The leadership paradigm is shifting from having an individual “genius leader” to a leader that facilitates the “collective genius.” Anita Williams- Wolley research demonstrates that a group’s collective intelligence is increased when there are women in the group. Selecting hi-potentials for their ability to foster an environment where women thrive can disrupt gender bias for good.
While some individuals may be cognitively smart, they can have a limited ability to read situational cues and interpersonal signals. Find individuals who excel at creating collective intelligence that combines appropriate representation of women in the group, social sensitivity of group members, and equal conversational participation among men and women (4). By including those skills in your selection criteria, you ensure that IQ isn’t valued over EQ (emotional intelligence).
3. Examine your evaluation processes
If you look at your C-suite, upper and middle management and see a majority of white men, you can assume there’s bias in the evaluation, retention and promotion process. A possible underlying issue is that unintentionally you may not be rewarding existing managers for the right things.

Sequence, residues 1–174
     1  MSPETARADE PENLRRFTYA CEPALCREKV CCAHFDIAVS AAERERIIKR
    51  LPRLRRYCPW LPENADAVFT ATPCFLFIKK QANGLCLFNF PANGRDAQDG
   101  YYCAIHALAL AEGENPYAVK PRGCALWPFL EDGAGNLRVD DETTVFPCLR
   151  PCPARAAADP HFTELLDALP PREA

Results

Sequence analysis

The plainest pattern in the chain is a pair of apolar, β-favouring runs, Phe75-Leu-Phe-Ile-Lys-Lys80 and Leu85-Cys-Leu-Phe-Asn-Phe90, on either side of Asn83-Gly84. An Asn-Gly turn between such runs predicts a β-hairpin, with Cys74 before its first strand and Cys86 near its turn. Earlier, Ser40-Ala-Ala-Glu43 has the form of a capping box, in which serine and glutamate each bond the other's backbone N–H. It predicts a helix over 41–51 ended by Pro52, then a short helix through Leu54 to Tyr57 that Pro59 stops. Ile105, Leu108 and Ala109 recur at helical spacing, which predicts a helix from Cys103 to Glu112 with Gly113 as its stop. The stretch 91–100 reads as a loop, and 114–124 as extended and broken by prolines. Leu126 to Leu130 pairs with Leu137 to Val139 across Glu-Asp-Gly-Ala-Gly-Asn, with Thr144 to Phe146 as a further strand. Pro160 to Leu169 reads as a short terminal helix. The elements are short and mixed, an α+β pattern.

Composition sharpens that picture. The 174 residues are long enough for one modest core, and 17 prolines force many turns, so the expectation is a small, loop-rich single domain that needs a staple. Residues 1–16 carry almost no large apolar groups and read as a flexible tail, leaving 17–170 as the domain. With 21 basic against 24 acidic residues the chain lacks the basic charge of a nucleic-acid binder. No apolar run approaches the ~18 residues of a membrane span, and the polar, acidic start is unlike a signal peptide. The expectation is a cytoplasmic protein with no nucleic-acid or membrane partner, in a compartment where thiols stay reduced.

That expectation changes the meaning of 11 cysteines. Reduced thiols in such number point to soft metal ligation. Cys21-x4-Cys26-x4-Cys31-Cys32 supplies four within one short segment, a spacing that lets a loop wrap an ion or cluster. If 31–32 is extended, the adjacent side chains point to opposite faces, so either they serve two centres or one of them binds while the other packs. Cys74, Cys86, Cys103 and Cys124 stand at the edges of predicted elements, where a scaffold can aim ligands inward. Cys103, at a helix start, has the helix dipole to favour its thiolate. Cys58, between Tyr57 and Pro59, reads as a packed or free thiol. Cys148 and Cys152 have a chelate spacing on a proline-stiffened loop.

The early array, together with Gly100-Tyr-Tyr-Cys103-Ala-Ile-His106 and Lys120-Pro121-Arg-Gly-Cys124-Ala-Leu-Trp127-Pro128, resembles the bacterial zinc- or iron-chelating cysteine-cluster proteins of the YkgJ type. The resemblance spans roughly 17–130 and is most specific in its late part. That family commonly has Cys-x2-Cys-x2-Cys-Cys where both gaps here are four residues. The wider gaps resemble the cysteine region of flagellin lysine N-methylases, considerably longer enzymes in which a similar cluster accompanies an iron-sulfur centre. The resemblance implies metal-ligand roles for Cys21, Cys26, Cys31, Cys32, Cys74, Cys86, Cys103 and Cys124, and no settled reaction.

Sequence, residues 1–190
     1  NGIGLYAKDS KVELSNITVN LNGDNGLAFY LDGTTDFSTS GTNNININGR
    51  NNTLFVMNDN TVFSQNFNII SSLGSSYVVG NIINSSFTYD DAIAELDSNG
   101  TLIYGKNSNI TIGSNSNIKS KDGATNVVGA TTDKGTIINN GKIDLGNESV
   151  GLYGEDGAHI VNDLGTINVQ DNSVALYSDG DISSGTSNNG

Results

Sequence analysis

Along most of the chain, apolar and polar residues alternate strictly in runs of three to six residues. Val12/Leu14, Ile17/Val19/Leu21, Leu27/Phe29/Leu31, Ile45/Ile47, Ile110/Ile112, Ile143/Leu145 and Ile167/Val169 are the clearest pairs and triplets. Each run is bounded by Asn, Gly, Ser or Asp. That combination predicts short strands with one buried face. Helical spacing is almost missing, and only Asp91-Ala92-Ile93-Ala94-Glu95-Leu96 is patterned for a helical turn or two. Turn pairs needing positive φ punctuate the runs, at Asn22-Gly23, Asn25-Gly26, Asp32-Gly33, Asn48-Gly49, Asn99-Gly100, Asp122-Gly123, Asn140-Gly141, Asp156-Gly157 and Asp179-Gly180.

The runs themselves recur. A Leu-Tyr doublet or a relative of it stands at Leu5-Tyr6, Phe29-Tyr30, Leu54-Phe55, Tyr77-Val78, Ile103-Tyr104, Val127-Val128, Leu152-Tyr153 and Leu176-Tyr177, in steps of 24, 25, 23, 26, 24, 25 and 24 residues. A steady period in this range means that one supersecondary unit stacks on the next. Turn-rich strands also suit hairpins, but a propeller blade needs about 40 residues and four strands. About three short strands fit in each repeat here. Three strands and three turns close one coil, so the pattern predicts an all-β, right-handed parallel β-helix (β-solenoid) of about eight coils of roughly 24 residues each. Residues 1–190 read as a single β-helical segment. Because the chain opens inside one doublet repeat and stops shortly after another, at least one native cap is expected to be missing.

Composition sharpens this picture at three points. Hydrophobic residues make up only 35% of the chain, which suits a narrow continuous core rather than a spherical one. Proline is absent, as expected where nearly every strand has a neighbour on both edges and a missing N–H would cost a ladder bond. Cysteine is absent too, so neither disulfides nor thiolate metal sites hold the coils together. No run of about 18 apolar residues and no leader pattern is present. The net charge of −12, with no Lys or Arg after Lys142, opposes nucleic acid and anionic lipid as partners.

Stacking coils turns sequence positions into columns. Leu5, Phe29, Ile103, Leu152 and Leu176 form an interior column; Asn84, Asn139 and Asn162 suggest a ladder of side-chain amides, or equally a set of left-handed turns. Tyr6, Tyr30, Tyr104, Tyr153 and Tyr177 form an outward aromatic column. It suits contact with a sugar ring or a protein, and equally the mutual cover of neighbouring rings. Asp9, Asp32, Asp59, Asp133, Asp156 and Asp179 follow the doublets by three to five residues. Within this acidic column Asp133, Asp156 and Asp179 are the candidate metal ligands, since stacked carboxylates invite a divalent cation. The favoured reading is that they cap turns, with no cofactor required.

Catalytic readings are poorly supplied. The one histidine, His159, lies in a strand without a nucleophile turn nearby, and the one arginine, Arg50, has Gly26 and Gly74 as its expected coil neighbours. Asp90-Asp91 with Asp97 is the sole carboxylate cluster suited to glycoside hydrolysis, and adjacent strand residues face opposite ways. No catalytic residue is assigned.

Do managers who spend time hiring and developing diverse employees get rewarded for it? In many cases, dedicated managers spend extra hours developing talent, but don’t get recognition or rewards for that part of their job. Until recently those who successfully climbed the corporate ladder have been rewarded for sacrificing family life. This trend may leave women (and also men who value time with their family) outside of the C-suite pipeline. To drive gender equity in your programs you will need to reward the behaviors that allow men and women to fairly compete for the C-suite or you’ll lose valuable future leaders to cultures where work/life balance is supported.
4. Program Design
Black employees are sometimes over-mentored but under-sponsored. Their mentors give advice that works for people like their mentors – speak at conferences, join specific organizations, and use specific behaviors that work for white males, without understanding the barriers for Black people. Developing expertise and speaking assertively lands completely differently for a Black woman than it does for a White male (5).